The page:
The exhibit, which is free to the public and sponsored by Wegmans, JJ Elek Realty and Access Storage, is one of many annual events at Barron Arts Center, but is the highlight of the holiday season. It opened to the public at the Township’s Christmas Tree Lighting, which featured Mayor John E. McCormac, the Woodbridge High School Choir and Marching Band, and the arrival of Santa and Mrs. Claus.

Over the course of the season, more than sixty schools and clubs will visit the exhibit, along with hundreds of local families. It’s a legacy of which Program Director Cynthia Knight is very proud.

“I love to see the interaction with the children when they look at the trains,” says Knight. “It’s a family tradition to go see the trains. They come with their families and you watch them grow. Some, who started coming to the train show as children, now return with families and children of their own.”

Created for children to enjoy, the exhibit includes buttons for little hands to push, activating a Ferris wheel and amusement park rides, ice skaters, and lights. Additionally, hidden within the exhibit are 20 different items for children to “seek-and-find.” The game started years ago when someone dropped an Elmo into the display and everyone started looking for Elmo.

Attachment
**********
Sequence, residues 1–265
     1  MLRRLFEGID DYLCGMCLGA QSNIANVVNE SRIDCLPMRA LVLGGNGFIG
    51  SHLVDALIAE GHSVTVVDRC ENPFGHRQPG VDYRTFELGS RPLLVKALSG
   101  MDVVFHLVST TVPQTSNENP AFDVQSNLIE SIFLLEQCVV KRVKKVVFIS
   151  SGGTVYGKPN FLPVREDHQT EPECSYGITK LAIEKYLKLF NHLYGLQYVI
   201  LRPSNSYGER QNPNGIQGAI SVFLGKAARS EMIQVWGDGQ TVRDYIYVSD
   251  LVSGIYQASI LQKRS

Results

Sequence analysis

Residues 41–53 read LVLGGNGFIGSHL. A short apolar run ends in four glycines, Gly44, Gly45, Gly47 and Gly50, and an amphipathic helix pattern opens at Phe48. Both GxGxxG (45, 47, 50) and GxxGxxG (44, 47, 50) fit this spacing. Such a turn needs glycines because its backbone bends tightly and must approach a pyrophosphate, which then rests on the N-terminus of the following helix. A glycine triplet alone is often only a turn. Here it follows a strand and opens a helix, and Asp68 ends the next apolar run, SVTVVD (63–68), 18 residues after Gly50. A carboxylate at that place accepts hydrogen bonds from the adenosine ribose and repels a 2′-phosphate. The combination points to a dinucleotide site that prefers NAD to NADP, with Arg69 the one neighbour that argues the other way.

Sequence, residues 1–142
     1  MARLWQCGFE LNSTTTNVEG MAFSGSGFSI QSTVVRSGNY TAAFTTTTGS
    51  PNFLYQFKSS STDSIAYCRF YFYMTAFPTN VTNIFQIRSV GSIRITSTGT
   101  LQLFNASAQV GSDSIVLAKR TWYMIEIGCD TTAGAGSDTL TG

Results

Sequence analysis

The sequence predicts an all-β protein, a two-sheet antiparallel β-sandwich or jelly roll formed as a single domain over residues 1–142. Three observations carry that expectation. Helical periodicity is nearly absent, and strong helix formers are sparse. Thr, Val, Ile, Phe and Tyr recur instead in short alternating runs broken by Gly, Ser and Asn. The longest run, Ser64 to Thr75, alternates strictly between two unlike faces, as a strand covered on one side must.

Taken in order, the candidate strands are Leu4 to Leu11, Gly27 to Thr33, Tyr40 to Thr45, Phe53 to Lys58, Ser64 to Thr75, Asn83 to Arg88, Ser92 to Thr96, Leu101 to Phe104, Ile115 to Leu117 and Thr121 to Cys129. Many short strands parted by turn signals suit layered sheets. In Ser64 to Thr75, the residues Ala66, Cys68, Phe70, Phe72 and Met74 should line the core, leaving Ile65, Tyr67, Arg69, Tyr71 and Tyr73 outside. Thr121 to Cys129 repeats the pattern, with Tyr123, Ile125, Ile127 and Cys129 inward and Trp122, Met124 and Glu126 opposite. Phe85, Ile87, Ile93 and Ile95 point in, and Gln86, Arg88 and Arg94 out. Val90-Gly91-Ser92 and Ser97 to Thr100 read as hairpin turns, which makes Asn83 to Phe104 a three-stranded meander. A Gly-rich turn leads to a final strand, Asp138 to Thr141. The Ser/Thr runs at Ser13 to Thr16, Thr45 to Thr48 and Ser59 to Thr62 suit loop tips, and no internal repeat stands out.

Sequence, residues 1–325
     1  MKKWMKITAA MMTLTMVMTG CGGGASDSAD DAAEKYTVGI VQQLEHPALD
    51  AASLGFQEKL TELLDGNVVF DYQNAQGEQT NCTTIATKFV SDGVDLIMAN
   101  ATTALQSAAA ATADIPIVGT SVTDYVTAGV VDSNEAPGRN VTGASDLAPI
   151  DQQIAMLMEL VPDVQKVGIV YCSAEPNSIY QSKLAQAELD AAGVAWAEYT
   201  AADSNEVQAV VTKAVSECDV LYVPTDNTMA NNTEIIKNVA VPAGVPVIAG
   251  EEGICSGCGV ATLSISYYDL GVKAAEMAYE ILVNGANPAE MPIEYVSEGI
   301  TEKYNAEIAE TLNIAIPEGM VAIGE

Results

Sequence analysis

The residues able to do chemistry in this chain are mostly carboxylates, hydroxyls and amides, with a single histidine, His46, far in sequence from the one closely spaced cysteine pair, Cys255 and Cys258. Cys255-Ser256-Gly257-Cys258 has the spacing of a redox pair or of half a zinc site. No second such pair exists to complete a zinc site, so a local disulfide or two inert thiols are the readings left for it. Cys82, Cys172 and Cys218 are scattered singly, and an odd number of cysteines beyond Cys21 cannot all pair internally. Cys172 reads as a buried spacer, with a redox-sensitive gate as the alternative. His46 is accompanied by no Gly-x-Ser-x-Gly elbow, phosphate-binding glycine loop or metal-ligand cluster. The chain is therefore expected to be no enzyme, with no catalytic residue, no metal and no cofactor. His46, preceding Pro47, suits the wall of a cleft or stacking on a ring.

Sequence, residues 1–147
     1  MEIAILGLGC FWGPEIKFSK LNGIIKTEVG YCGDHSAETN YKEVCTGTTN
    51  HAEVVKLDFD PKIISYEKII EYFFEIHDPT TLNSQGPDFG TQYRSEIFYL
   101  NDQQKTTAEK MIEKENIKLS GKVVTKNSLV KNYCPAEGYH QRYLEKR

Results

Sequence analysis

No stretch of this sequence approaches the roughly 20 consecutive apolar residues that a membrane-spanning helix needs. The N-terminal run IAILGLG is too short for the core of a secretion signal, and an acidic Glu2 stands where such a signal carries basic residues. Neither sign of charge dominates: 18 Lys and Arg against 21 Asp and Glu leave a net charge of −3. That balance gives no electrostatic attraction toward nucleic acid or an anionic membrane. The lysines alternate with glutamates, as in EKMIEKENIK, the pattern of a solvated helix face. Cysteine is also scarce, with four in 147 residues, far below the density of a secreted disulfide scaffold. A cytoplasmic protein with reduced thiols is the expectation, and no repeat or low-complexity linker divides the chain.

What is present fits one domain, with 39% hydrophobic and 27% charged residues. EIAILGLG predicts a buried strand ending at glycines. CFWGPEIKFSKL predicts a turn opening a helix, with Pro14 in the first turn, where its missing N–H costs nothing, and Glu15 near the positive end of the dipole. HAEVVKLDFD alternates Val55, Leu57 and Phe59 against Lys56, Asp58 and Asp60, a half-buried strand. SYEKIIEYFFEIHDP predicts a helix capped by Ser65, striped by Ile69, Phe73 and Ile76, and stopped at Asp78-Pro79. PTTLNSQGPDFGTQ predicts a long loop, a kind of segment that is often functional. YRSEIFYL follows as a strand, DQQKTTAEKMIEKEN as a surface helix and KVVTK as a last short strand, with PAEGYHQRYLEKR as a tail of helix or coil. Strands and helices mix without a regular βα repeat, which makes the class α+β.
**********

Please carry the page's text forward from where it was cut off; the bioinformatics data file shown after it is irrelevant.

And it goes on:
Inspired by the idea, Gelesky has since added many other toys, including Buzz Lightyear and Andy, a shark, and cops and robbers. Gelesky’s son, too, got in on the action. Now a senior at Rutgers University, every year since he was 10 years old, he has hidden a small toy for his dad to find.

The exhibit is as much a reflection of Gelesky’s family as it is a part of Woodbridge history. Mixed in among the storefronts of local businesses and landmarks are pieces of Gelesky’s family history. A softball field for his daughter, who played at Kean University, sits adjacent to a hockey rink for his son, who currently plays for Rutgers. He also included a Charlie Brown’s Steakhouse, where his daughter, now a math teacher, waited tables
as her first job. A bright pink train circles the track honoring his wife, who beat breast cancer a few years ago. Gelesky picked it up in Point Pleasant, N.J. at a breast cancer awareness fundraiser.